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Getting Your First Gig…

image from www.whitehartstophambridge.co.ukThis guest post is by David Chaitt of SoundCtrl.  

…is a matter of thinking from a talent buyer’s perspective and making promises you can keep.

The first thing you have to think about is which venue to contact.  Reach out to a venue that makes sense (aka if you’re an indie band, don’t reach out to a club that does world music) that’s also within your reach.  Don’t reach out to clubs that are huge.  Find a venue you can fill with your friends and family because packed small club is overall better than empty larger club.  If it's your first gig, there's a good chance you have no fans, so don't bullshit the talent buyer (more on that later).

The second thing you have to think about is what you say when contacting the venue.  In an email from one of my blog readers, he asked how he can get an artist he manages their first gig.   I sent him the following short response:

Less is more.  Think from the buyer’s perspective.  He/she doesn’t want to know everything about your guy nor do they give a shit.

Send the talent buyer the following in an email:

  • link to the artist’s music
  • 2 sentence description of the music
  • date(s) you’re looking for
  • how many people you can draw
  • what you’re going to do to help promote

To expand upon that, many artists think the talent buyer will read long reviews, bios, or even longer explanations on your band's sound...WRONG.  They honestly don't care. They’re inundated with scores of emails from every band trying to get there first gig who thinks they’re music is amazing (and some will irrationally dub themselves as the next Beatles, but that another pet-peeve of mine).  There are a lot of bands, so being brief will get their attention and they'll genuinely appreciate it. 

Since they get so many emails, don't give up after emailing them once.  Follow up a few days later by email, but don't sound pissed off they didn't get back to you.  Acknowledge that you know they're busy busy people and mention that you're contacting them again to politely follow up.  ALl too often artists give up or get mad at talent buyers, which is a selfishly irrational point of view.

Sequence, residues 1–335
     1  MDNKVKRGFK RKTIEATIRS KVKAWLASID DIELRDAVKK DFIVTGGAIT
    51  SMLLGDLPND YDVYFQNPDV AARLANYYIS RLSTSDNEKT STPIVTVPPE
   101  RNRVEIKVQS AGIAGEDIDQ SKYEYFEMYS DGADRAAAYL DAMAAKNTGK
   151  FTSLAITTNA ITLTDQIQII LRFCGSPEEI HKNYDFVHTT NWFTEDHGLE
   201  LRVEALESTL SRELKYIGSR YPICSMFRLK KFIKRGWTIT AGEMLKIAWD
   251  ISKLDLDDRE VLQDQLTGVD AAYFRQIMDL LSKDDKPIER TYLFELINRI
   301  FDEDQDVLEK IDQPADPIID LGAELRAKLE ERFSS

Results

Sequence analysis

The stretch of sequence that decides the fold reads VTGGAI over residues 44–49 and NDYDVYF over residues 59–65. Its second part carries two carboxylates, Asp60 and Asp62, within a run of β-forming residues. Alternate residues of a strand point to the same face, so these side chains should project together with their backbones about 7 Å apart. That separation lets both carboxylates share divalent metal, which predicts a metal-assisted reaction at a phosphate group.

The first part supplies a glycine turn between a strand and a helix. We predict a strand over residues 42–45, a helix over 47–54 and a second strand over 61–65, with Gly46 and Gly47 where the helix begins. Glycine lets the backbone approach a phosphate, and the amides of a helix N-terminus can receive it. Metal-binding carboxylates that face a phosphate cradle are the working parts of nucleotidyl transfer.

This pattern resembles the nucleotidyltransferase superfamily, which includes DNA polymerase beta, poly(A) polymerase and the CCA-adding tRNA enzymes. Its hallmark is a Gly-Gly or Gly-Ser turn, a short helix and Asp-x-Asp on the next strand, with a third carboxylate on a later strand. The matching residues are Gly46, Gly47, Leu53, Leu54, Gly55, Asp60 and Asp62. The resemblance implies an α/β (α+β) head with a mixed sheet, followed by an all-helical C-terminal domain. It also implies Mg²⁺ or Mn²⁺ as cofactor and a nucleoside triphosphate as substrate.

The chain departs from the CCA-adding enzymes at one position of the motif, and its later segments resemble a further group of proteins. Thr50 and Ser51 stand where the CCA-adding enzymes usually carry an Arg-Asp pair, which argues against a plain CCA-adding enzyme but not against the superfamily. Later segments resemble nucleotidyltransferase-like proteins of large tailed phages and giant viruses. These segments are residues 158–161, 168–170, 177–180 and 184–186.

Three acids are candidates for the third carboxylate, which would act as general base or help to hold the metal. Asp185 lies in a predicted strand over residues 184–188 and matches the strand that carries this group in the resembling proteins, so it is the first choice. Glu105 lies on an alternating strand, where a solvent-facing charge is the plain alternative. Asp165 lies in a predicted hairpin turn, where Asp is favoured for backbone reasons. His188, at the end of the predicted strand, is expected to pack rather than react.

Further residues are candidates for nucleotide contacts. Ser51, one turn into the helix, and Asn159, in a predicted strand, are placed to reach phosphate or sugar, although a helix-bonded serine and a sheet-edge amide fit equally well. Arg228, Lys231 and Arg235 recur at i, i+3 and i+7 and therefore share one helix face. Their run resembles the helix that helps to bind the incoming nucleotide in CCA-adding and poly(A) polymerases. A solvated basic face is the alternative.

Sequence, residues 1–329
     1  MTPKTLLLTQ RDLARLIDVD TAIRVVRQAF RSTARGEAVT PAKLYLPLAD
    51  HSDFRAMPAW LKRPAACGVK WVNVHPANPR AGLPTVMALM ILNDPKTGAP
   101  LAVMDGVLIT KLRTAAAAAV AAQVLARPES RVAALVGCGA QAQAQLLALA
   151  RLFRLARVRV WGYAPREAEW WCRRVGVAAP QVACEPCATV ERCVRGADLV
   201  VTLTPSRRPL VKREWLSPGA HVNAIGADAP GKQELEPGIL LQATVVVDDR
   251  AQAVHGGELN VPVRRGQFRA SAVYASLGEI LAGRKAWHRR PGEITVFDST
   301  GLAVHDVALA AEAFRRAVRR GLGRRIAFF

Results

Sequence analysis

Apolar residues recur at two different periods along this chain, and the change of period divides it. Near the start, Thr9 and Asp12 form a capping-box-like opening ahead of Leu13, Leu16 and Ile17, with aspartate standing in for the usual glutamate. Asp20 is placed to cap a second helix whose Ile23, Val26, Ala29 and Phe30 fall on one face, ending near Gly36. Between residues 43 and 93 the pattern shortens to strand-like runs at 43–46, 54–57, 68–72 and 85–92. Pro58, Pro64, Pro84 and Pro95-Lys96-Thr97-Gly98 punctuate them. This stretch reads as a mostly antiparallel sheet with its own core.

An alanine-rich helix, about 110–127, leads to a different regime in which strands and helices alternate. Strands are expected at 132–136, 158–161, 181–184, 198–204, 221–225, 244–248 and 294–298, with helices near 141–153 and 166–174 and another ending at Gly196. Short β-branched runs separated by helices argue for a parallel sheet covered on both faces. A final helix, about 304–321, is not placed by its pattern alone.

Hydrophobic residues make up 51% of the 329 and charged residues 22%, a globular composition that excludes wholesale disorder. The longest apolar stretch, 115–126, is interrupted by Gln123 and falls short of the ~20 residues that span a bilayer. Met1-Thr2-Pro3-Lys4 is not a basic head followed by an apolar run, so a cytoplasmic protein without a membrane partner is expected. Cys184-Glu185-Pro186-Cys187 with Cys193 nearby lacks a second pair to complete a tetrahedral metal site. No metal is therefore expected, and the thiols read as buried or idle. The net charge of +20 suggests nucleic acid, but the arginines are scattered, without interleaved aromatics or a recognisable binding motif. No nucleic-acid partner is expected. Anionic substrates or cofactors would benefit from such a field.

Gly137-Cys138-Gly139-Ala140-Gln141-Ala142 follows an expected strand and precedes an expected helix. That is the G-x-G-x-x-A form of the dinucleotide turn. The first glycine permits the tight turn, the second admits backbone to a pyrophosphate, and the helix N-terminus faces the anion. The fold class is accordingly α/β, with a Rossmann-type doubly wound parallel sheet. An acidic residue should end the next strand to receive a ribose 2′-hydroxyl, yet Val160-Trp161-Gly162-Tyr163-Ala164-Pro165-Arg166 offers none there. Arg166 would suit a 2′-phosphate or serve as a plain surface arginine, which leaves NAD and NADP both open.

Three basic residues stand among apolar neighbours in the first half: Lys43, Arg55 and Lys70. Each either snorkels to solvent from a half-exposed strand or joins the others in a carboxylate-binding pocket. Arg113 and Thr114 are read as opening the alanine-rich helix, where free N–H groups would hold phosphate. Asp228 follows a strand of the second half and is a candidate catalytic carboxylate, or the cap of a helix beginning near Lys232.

Now it's important I clarify by what I meant when I said, "making promises you can keep."  Talent buyers have heard the song and dance of how bands can guarantee 23456432 people, so if they’re not an idiot, they’ll know whether you’re full of shit or not.  So don’t lie or make empty promises.  Execute on anything you promise and it will benefit you in the long run because talent buyers and venue staff will like you.  Those are the sort of people you want in on your side because talent buyers will contact you to support out of town bands and sound guys will try harder to make you sound good.

The other key factor is that they want someone who has moderately good music that can bring a crowd who will buy booze.  Booze keeps the light on, so please don’t forget that.  That’s it and if you think anything differently then you’re kidding yourself.  You may say that this takes the art out of live music or that I'm all business, but this is a harsh reality with which you need to come to terms.  However, that’s not to say that playing good music isn’t important, but as far as getting the first gig, it’s less of a factor. 

With this post, my intentions were not to make all talent buyers or promoters into angels and artists into monsters.  All I'm saying is that talent buyers have the power to give you a shot at playing for the first time, so you can be polite and understanding of their perspective.  And if you're wondering why you haven't gotten that first gig, there's a good chance you were being impatient or full of shit, which is often the view from many talent buyers.  

David Chaitt is a consultant for bands, record labels, and music startups. However, he also spends his time as the Blog Editor for SoundCtrl and is currently developing a live music/culinary video series called the Backyard Brunch Sessions.


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